Medals from the Collection of Peter Duckers

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Date of Auction: 17th July 2019

Sold for £4,000

Estimate: £1,400 - £1,800

A rare and important posthumous I.D.S.M. awarded to Sepoy Lafar Khan, 129th Duke of Connaught’s Own Baluchis, who at Hollobeke on 31 October 1914, serving as part of a maxim gun crew, continued in action at close range until overrun by a German bayonet attack and every man was either shot or bayoneted at his post, the only survivor being awarded the first Victoria Cross to be conferred on an Indian soldier

Indian Distinguished Service Medal, G.V.R., 1st issue (No. 3600 Sepoy Lafar Khan. 129th Baluchis.) with integral top riband bar, and contained in fitted case of issue, nearly extremely fine £1,400-£1,800

Footnote

Provenance: Buckland, Dix & Wood, December 1992.

The Action at Hollobeke

31 October 1914 was probably the most critical day in the three weeks of obstinate and sanguinary fighting which is known as the First Battle of Ypres. Early in the morning fighting began along the Menin-Ypres road, south-east of Gheluvelt, and a little later an attack against that place developed in overwhelming force, with the result that the line of the 1st Division was broken, and it was driven back to the woods between Hooge and Veldhoek. Its retirement exposed the left of the 7th Division, and the Royal Scots Fusiliers were cut off and destroyed; while it was only by the most heroic efforts that the right of the 7th and General de Moussy’s troops of the 9th French Corps on its right were able to hold their ground. Farther south, the 3rd Cavalry Division, under General Allenby, was also desperately hard pressed. It had the whole of the allied line to hold from Klein Zillebeke by Hollebeke to south of Messines, and the only reinforcements it could call on were two battalions from the 7th Indian Brigade (the 57th (Wilde’s) Rifles and the 129th Baluchis) which had been sent to its support some days previously; and were already in a somewhat exhausted condition. Nevertheless they acquitted themselves valiantly.

It was during this phase of intense fighting that a soldier of the 129th Baluchis won the first Victoria Cross to go to an Indian soldier. The regiment’s two Maxim guns, under Captain Dill, had been continuously in action when German artillery fire, intensifying in preparation for their main infantry assault, destroyed one of the guns and killed most of its crew with a direct hit. The three survivors joined the other machine-gun, fought by Dill, who was soon severely wounded by a shell splinter and was reluctantly forced to be carried away. One gun crew continued in action at close range until overrun by a German bayonet attack and every man was either shot or bayoneted at his post. Only one man, Sepoy Khudadad Khan, survived the attack, keeping the gun in action until the last. Seriously wounded, he managed to feign death as the Germans swept through and after nightfall crawled back to safety. The remnant of the 129th was ordered back behind Hollebeke chateau at 4.00 p.m. and was relieved shortly afterwards. In its first ten days in action the regiment lost (mainly on the 31st October) three British and three Indian officers killed, two Indian officers wounded. 26 men killed and 138 wounded; most of the 67 men additionally reported ‘missing’ were later returned as killed.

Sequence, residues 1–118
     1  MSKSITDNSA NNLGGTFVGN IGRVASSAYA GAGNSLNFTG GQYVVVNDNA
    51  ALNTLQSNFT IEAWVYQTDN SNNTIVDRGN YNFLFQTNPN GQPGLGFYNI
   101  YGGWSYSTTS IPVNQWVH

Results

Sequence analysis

For his devotion to duty and conspicuous gallantry in keeping the machine-gun in action to the very last moment, Khudadad Khan was awarded the first Victoria Cross to be conferred on an Indian soldier, the award announced in The London Gazette on 7 December 1914. All the other members of the same gun crew were also honoured. Captain Dill received the D.S.O. and all the Indians were Mentioned in Despatches and given posthumous decorations – Havildar Ghulam Mahomed received the Indian Order of Merit, 2nd Class, and the other four gallant machine gunners received the Indian Distinguished Service Medal. In his own account of the campaign on the Western Front, the general officer commanding the Indian Corps in France, Sir James Willcocks, paid them the highest tribute:
‘I believe that the V.C. is made from the metal of guns captured at the Alma; the second gun of the 129th Baluchis might well be manufactured into the future Victoria Crosses of the Indian Army... Engrave these names in letters of gold for all time: 2524 Colour Havildar Ghulam Mohamed, 2813 Sepoy Lal Sher, 4182 Sepoy Said Ahmad, 103 Sepoy Kassib, 3600 Sepoy Lafar Khan [and Khudadad Khan].’


Lafar Khan is commemorated on the Ypres (Menin Gate) memorial, Belgium.

Sold with copied research.